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פותח על ידי קלירמאש פתרונות בע"מ -
Maximal sum of metabolic exchange fluxes outperforms biomass yield as a predictor of growth rate of microorganisms
Year:
2014
Source of publication :
PLoS ONE
Authors :
פרייליך, שירי
;
.
Volume :
9
Co-Authors:
Zarecki, R., School of Computer Sciences, Sackler School of Medicine, Tel Aviv University, Tel Aviv, Israel
Oberhardt, M.A., School of Computer Sciences, Sackler School of Medicine, Tel Aviv University, Tel Aviv, Israel, Department of Molecular Microbiology and Biotechnology, Faculty of Life Sciences, Tel Aviv University, Tel Aviv, Israel
Yizhak, K., School of Computer Sciences, Sackler School of Medicine, Tel Aviv University, Tel Aviv, Israel
Wagner, A., School of Computer Sciences, Sackler School of Medicine, Tel Aviv University, Tel Aviv, Israel
Segal, E.S., Department of Molecular Microbiology and Biotechnology, Faculty of Life Sciences, Tel Aviv University, Tel Aviv, Israel
Freilich, S., Newe ya'Ar Research Center, Agricultural Research Organization, Ramat Yishay, Israel
Henry, C.S., Mathematics and Computer Science Division, Argonne National Laboratory, Argonne, IL, United States
Gophna, U., Department of Molecular Microbiology and Biotechnology, Faculty of Life Sciences, Tel Aviv University, Tel Aviv, Israel
Ruppin, E., School of Computer Sciences, Sackler School of Medicine, Tel Aviv University, Tel Aviv, Israel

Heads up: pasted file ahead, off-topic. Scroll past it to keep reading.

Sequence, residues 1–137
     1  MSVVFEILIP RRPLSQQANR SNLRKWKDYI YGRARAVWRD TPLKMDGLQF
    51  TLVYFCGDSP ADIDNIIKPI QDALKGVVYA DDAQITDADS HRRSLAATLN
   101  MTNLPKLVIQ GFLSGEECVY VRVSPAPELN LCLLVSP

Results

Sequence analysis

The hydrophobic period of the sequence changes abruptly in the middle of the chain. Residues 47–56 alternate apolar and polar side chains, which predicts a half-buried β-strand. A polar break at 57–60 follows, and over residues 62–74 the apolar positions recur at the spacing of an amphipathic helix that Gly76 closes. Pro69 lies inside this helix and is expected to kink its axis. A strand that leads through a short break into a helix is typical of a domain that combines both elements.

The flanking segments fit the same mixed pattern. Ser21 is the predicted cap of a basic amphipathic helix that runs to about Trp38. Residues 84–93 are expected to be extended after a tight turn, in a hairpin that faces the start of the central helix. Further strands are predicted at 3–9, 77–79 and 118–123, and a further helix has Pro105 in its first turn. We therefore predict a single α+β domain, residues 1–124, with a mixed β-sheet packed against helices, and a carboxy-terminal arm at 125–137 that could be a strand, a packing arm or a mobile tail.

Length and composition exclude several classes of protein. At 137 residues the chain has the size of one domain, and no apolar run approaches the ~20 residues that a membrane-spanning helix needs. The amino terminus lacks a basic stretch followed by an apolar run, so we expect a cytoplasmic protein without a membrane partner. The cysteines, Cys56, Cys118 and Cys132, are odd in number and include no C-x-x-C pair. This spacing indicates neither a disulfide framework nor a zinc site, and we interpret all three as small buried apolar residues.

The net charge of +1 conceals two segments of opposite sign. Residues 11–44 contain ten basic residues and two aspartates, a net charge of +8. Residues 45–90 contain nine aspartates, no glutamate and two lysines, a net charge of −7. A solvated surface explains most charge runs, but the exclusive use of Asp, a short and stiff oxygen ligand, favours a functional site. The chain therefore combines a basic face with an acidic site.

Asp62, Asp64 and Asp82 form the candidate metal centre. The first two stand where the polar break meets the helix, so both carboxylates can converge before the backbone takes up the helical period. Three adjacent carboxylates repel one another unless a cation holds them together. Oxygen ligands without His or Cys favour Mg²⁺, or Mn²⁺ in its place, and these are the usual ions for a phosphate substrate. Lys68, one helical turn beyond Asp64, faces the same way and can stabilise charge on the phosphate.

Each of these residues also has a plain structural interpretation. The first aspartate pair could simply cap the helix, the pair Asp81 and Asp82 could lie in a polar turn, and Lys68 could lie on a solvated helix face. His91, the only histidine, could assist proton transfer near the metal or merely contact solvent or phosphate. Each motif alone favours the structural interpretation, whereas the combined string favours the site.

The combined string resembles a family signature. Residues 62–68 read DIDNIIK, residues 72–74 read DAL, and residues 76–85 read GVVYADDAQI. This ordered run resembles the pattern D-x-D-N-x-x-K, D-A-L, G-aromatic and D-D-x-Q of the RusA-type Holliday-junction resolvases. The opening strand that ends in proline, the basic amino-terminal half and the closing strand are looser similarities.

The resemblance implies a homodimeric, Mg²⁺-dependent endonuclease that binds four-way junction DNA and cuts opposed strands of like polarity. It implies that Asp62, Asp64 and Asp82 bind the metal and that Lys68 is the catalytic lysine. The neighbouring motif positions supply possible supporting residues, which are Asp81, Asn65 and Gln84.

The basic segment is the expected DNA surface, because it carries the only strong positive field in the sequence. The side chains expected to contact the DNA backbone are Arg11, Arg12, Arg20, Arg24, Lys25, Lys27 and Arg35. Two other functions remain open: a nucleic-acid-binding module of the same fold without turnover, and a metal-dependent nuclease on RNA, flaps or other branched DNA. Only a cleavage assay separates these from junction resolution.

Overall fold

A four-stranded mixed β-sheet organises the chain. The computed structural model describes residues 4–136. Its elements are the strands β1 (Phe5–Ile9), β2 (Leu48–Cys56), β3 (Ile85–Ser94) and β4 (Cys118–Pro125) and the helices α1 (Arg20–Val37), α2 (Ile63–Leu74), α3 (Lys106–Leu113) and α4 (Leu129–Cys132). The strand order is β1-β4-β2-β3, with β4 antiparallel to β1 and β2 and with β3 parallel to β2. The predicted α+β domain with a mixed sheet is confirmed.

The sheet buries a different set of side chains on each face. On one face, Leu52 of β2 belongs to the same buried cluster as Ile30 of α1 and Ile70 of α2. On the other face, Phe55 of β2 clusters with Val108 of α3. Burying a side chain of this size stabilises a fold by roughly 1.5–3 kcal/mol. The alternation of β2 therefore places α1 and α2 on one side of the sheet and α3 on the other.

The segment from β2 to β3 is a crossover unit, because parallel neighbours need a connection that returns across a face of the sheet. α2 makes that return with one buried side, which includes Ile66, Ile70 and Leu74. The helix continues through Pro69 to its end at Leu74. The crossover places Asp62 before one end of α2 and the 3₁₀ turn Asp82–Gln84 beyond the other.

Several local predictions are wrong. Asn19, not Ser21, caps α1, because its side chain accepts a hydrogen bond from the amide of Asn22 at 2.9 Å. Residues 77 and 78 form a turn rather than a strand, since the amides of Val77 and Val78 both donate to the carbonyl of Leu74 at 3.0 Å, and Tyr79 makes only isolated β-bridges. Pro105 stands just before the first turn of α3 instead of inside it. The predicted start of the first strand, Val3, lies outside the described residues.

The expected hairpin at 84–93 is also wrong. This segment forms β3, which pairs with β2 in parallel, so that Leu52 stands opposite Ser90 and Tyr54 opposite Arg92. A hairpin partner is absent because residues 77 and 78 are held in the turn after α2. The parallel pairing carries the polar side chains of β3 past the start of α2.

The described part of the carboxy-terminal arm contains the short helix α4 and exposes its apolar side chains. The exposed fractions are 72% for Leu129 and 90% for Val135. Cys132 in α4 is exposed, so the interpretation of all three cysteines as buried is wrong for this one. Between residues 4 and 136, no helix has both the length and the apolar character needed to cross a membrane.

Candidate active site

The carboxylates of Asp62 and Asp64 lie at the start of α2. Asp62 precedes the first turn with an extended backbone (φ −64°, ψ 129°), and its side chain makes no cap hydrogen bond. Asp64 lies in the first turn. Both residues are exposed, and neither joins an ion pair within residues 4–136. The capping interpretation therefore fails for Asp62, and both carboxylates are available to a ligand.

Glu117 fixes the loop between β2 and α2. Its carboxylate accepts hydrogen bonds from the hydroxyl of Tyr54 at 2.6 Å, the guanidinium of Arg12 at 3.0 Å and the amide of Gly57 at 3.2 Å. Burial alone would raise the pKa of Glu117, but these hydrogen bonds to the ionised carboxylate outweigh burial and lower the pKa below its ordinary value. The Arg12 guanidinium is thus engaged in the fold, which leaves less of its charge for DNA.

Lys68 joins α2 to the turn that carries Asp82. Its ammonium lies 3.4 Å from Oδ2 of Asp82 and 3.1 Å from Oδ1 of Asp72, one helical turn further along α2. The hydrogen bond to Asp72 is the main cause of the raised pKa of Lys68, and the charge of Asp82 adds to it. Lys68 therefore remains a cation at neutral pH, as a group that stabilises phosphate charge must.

Facilitators :
From page:
To page:
(
Total pages:
1
)
Abstract:
Growth rate has long been considered one of the most valuable phenotypes that can be measured in cells. Aside from being highly accessible and informative in laboratory cultures, maximal growth rate is often a prime determinant of cellular fitness, and predicting phenotypes that underlie fitness is key to both understanding and manipulating life. Despite this, current methods for predicting microbial fitness typically focus on yields [e.g., predictions of biomass yield using GEnome-scale metabolic Models (GEMs)] or notably require many empirical kinetic constants or substrate uptake rates, which render these methods ineffective in cases where fitness derives most directly from growth rate. Here we present a new method for predicting cellular growth rate, termed SUMEX, which does not require any empirical variables apart from a metabolic network (i.e., a GEM) and the growth medium. SUMEX is calculated by maximizing the SUM of molar EXchange fluxes (hence SUMEX) in a genome-scale metabolic model. SUMEX successfully predicts relative microbial growth rates across species, environments, and genetic conditions, outperforming traditional cellular objectives (most notably, the convention assuming biomass maximization). The success of SUMEX suggests that the ability of a cell to catabolize substrates and produce a strong proton gradient enables fast cell growth. Easily applicable heuristics for predicting growth rate, such as what we demonstrate with SUMEX, may contribute to numerous medical and biotechnological goals, ranging from the engineering of faster-growing industrial strains, modeling of mixed ecological communities, and the inhibition of cancer growth. © 2014 Zarecki et al.
Note:
Related Files :
bacteria
Biochemistry
Biomass
computer model
computer simulation
fungi
Growth, Development and Aging
metabolism
עוד תגיות
תוכן קשור
More details
DOI :